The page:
After two boys discovered a dinosaur trackway along the bedrock in Flatbed Creek in 2001, Tumbler Ridge made national headlines for having the first ever footprints and bone discovered together in the same rock layer. After reports were made about the discovery, palaeontologist Rich McCrea arrived on the scene, and has continued to make fossil, footprint, and bone discoveries in the region. There are a total of twenty-four trackways to date, some of which include up to 1000 dinosaur footprints.
By 2003, it was evident that Tumbler Ridge was now an internationally recognized centre for dinosaur enthusiasts and scientists alike. It was time to open the Peace Region Palaeontology Research Centre which included a collections area, a preparation labratory, as well as the Dinosaur Discovery Gallery which provided a public display area and was run by Rich McCrea and his wife Lisa Buckley. Tumbler Ridge continued to grow in popularity, and the wealth of artifacts became too much for the Peace Region Palaeontology Research Centre to hold, so in 2008 the artifacts and specimens were moved to a vacant school that needed many renovations in order to make it safe for staff and visitors.
Northern Development provided a $39,000 grant to support renovations which included the upgrading of washrooms, floor coverings, interior walls, ventilation, electrical, plumbing, lighting and security. The renovation also involved the removal of interior classroom walls and consolidation of spaces to accommodate areas for fossil and palaeontology specimen collections, preparation and fabrication. A 6,000 square foot space was also created to present a dinosaur storyline that is designed around the growing collection of fossils, bones and dinosaur skeleton models.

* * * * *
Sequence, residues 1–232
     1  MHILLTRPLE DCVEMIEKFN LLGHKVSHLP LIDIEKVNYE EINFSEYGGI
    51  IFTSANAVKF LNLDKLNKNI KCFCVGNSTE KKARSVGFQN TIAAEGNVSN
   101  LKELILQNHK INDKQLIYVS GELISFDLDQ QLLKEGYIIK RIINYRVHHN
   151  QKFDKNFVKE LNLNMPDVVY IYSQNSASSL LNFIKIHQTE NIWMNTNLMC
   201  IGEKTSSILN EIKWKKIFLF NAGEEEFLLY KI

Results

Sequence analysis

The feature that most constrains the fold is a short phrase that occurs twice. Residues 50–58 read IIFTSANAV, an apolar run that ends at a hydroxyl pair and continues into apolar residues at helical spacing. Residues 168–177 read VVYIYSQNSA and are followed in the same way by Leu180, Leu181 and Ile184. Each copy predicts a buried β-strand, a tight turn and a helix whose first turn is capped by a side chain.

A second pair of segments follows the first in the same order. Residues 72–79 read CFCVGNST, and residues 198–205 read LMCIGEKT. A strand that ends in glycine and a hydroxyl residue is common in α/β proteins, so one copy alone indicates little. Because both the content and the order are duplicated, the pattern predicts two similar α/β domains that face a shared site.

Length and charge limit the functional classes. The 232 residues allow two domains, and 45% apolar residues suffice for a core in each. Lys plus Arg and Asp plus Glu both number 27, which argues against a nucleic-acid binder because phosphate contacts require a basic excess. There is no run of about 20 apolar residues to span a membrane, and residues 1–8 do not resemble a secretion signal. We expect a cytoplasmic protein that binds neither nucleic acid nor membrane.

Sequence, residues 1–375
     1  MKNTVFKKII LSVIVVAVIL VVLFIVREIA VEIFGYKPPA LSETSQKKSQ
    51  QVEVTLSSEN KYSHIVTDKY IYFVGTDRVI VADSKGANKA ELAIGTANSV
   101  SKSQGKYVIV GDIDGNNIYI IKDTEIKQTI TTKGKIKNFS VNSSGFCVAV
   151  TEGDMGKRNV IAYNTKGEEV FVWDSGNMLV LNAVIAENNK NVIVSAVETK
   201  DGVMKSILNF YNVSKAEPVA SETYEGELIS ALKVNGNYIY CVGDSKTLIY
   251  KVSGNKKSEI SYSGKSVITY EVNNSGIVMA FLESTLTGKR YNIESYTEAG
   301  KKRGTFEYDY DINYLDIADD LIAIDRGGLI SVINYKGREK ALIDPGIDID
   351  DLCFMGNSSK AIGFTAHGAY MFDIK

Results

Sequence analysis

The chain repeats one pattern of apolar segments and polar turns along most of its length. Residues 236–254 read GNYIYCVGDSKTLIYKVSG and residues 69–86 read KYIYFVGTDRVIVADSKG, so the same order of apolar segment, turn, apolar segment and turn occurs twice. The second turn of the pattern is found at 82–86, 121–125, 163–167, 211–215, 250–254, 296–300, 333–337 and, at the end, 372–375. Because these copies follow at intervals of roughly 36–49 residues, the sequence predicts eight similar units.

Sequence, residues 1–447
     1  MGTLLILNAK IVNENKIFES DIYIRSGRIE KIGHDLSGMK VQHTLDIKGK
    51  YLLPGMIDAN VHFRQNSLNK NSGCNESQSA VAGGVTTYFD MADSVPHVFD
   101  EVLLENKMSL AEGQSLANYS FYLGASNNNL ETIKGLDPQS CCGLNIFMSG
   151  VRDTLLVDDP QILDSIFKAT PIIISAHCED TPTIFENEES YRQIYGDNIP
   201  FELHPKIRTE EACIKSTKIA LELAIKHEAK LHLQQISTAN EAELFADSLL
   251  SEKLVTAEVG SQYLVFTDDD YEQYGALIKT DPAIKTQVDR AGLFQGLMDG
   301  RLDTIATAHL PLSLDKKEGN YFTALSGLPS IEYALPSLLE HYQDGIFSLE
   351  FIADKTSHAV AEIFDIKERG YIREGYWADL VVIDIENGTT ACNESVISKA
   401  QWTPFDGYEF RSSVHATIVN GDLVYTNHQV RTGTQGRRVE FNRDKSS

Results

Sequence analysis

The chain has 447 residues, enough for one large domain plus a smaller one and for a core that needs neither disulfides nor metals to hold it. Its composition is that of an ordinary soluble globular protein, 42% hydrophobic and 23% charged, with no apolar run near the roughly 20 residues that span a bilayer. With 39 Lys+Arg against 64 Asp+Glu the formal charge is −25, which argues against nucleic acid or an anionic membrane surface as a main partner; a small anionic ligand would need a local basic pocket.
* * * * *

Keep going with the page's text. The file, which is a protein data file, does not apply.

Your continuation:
This project is part of a multi-year expansion that has been supported through two additional investments by Northern Development for Tumbler Ridge Museum Foundation projects:
"The funding we received from Northern Development has been an important piece in moving this project forward."
Rich McCrae, Curator of Palaeontology, Peace Region Paleontology Research Center
Positive Economic Impacts in Tumbler Ridge
Since two major coal mines that employed the majority of Tumbler Ridge residents closed in the 1990's, the remaining locals faced many years of economic instability. The discovery of these tracks foreshadowed a new tourism opportunity for Tumbler Ridge at the perfect time.
An enormous amount of media exposure has been generated by this activity, with features by the Discovery Channel, Knowledge Network, the Globe and Mail, British Columbia Magazine, and many others. Many tourists are aware of the area and now visit Tumbler Ridge to see the Dinosaur Discovery Gallery that can live up to expectations and encourage return visits, in part due to a $39,000 grant from Northern Development Initiative Trust.
In 2009, the Tumbler Ridge Museum Foundation received funding through the Government of Canada's Community Adjustment Fund, delivered by Northern Development, to support an increase in staff and maintenance in order to expand the museum and its services. The funding and completion of the museum exhibits will allow for a significant expansion of the educational and interpretive programs which serve as tourist attractions and revenue generators. The ability to achieve growth at a quick rate will allow researchers to continue making significant discoveries, such as the recent discovery of the first ever intact fossil found in BC.
While palaeontology has grabbed the spotlight and has already significantly diversified the Tumbler Ridge economy from a coal town to a tourism destination, the Tumbler Ridge Museum Foundation will continue to expand the number of exhibits, and publish research as well as books so that they can continue to attract tourists and scientists to the region.
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